The Gwynne Guibord Award for Excellence in Interreligious Leadership is given to Rev. Dr. Alfred Moss, Jr., an Episcopal priest and an emeritus professor, Department of History, University of Maryland, College Park.  He earned his B.A., with honors, at Lake Forest College, where he was elected to Phi Beta Kappa; his M.Div. at The Episcopal Divinity School, Cambridge, Massachusetts; and, his M.A. and Ph.D. at the University of Chicago.  He has also served the church in several capacities, including as associate minister, Episcopal Church of the Holy Spirit, Lake Forest, Illinois; Episcopal chaplain, University of Chicago; associate minister, St. Andrew’s Episcopal Church, Arlington, Virginia, where he lives.  Currently, he is affiliated with The Falls Church Episcopal Church, Falls Church, Virginia.  

Author of numerous articles on the history of African Americans and race relations in the English-speaking world, he is also the author of The American Negro Academy: Voice of the Talented Tenth; co-editor with Eric Anderson of The Facts of Reconstruction; co-author with Eric Anderson of Dangerous Donations: Northern Philanthropy and Southern Black Education; and co-author with John Hope Franklin of three editions of From Slavery to Freedom: A History of African Americans.  He has been a trustee of the Washington D.C. Theological Consortium; is a former vice-president of the Historical Society of the Episcopal Church; is a member of the editorial board of Washington History, journal of the Historical Society of Washington D.C.; is a member of the Scholars Advisory Committee of the Smithsonian Institution’s National Museum of African American History and Culture; and is a senior fellow of the Ford Foundation.  As priest, scholar, and teacher he represents the Episcopal Church on numerous ecumenical and interfaith bodies.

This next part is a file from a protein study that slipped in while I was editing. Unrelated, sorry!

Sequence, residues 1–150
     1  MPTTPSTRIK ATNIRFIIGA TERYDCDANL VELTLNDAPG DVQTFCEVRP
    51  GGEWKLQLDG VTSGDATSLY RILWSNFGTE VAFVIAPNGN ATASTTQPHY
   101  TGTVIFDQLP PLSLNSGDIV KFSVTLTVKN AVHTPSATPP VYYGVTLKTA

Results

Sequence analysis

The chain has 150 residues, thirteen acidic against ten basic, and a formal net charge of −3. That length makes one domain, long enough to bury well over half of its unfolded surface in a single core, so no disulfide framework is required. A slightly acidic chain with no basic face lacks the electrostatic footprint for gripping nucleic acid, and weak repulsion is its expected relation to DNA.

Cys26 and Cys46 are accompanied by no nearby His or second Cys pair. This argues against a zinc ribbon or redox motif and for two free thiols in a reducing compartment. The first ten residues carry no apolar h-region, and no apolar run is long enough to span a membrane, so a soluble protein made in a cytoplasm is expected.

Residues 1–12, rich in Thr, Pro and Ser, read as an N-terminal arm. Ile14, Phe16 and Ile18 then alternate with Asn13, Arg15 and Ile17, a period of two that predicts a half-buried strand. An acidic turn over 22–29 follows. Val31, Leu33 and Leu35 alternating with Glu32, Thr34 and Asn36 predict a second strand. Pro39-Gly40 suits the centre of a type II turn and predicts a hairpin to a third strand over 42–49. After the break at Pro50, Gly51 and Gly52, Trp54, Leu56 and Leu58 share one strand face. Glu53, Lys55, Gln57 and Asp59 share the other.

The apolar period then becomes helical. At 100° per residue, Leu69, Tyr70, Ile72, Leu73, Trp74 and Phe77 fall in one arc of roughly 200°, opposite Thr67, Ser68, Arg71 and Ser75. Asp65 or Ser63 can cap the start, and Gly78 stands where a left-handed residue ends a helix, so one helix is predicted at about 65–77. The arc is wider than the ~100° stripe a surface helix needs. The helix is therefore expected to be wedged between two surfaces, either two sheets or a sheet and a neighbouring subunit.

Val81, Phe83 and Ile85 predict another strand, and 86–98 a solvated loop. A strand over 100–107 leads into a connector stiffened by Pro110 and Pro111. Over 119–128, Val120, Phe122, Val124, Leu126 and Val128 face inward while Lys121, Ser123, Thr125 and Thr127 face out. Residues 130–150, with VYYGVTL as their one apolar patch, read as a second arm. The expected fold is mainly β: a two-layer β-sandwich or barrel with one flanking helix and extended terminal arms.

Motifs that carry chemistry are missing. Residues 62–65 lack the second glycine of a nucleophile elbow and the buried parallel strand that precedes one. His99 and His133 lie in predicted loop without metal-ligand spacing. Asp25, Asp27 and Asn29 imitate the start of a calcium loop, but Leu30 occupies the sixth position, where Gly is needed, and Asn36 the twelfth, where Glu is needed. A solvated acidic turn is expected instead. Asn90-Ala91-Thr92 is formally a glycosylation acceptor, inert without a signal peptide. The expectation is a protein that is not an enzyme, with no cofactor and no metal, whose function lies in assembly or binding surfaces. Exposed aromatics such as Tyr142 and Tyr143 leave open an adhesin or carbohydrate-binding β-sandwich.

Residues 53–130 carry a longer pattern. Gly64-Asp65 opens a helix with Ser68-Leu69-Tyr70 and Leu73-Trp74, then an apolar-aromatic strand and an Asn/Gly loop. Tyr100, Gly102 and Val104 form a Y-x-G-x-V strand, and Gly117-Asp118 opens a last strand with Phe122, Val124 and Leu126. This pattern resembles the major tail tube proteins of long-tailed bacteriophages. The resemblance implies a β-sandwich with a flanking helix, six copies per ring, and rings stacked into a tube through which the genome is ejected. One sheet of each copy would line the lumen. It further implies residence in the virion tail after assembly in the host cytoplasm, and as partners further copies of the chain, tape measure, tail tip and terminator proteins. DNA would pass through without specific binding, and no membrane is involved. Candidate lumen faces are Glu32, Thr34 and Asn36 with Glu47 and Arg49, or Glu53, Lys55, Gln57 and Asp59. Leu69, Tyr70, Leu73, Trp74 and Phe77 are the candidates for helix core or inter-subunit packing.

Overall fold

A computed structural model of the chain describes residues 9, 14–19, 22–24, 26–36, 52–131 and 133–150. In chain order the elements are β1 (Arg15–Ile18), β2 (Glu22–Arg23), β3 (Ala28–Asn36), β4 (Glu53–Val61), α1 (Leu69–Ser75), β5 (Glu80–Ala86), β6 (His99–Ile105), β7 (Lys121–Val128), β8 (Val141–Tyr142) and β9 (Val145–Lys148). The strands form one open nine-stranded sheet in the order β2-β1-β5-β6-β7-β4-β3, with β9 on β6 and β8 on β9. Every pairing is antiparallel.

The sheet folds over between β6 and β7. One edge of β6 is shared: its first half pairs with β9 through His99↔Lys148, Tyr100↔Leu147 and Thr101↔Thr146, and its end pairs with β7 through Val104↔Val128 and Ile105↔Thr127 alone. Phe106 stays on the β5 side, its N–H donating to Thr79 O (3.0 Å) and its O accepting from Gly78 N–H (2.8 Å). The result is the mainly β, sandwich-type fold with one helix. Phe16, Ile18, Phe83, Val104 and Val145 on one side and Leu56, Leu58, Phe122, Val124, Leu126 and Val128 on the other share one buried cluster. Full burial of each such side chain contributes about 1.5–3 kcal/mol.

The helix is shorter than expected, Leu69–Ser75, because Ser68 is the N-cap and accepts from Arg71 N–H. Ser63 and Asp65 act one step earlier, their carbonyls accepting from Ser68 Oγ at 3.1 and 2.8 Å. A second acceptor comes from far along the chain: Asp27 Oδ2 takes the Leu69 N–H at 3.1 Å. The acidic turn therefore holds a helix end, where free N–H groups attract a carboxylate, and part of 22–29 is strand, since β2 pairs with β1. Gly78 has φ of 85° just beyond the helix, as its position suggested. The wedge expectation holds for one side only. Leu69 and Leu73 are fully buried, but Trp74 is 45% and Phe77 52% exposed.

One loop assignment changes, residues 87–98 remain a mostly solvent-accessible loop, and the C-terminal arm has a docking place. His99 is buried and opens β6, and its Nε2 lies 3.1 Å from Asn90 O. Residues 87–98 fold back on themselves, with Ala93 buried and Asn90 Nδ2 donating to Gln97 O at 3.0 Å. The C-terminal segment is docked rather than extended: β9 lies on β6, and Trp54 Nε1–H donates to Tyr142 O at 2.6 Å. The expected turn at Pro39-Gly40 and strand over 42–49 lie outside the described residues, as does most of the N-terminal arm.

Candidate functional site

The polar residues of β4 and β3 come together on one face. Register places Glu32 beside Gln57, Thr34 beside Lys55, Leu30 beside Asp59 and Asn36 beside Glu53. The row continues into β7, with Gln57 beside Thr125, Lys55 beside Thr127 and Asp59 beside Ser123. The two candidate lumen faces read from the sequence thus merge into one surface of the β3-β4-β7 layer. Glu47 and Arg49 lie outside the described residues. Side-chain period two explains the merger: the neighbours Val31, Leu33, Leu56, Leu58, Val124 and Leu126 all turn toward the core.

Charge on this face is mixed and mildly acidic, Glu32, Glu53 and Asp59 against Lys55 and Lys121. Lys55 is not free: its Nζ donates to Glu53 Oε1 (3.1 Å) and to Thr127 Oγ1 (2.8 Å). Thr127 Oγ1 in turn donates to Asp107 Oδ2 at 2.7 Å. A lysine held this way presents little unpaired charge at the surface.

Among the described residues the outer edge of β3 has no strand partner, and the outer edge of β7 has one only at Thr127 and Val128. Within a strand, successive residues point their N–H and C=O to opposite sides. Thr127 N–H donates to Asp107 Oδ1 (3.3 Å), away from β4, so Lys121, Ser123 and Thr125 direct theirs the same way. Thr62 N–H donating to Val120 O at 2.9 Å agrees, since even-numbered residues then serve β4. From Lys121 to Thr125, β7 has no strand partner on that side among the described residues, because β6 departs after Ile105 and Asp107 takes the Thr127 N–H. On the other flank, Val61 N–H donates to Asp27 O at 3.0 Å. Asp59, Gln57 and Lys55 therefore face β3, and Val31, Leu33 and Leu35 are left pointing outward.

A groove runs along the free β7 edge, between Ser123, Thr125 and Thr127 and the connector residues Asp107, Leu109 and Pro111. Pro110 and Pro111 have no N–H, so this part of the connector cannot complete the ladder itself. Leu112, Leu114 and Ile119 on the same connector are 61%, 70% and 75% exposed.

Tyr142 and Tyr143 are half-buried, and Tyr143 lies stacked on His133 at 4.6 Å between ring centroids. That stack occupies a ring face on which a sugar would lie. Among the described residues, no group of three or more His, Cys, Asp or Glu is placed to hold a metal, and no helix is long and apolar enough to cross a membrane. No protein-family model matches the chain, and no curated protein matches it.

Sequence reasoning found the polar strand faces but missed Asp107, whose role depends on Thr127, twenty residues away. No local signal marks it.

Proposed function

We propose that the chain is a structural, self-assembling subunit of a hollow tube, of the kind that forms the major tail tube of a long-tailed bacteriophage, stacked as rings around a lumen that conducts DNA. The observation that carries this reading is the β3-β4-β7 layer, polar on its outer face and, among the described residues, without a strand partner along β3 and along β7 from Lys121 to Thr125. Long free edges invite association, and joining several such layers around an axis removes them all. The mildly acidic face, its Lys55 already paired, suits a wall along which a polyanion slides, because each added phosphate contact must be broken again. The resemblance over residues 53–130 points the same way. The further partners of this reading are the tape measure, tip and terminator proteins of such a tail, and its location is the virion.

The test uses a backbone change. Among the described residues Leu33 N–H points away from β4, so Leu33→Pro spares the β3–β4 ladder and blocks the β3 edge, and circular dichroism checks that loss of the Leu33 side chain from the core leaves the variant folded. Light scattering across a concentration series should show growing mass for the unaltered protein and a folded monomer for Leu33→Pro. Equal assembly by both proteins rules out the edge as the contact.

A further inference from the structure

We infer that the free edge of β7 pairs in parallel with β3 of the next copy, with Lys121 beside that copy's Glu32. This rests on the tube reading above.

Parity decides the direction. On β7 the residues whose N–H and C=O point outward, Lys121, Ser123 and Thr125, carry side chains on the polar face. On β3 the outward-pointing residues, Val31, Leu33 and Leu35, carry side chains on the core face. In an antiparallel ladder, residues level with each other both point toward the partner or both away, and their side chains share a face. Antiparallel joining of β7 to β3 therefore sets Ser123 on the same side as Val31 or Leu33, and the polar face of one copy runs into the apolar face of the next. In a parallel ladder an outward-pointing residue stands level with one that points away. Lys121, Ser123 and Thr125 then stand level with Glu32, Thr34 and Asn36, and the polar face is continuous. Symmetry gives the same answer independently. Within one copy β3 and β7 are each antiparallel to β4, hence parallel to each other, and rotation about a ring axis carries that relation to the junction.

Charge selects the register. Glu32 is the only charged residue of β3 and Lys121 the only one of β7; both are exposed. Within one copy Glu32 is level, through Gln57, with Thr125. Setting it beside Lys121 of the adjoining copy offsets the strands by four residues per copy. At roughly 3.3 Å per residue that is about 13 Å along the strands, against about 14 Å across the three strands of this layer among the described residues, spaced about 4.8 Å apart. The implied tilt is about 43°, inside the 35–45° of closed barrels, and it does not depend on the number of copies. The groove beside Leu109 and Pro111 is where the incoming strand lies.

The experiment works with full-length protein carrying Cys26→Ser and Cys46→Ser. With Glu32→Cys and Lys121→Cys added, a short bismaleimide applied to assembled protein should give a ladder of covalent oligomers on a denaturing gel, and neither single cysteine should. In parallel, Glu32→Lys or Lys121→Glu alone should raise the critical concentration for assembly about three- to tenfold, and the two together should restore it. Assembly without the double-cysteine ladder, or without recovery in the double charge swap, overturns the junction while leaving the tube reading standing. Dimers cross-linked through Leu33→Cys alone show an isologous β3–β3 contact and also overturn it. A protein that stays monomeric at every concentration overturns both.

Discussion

Rev. Dr. Moss has served the National Council of Churches with distinction as a member of the Convening Table on Interreligious Relations and Collaboration, and chair of its small group on theology, as well as a participant in the National Jewish-Christian Dialogue and National Muslim-Christian Dialogue.

The President’s Award for Excellence in Faithful Leadership is given as a way to reward, promote, and encourage faithful, risk-taking leadership among faith leaders, and particularly among younger faith leaders, in our midst. It is given to two recipients this year who are being recognized for their exceptional, risk-taking leadership: Dr. Agnes Abuom, and Rev. Noel Andersen.

Dr. Agnes Abuom has been involved in the ecumenical movement for more than 40 years. She was unanimously elected moderator in 2013 at the World Council of Churches’s (WCC) 10th Assembly, held in Busan, Republic of Korea, having previously served, on behalf of the Anglican Church of Kenya, as an executive committee member and as Africa president (1999-2006).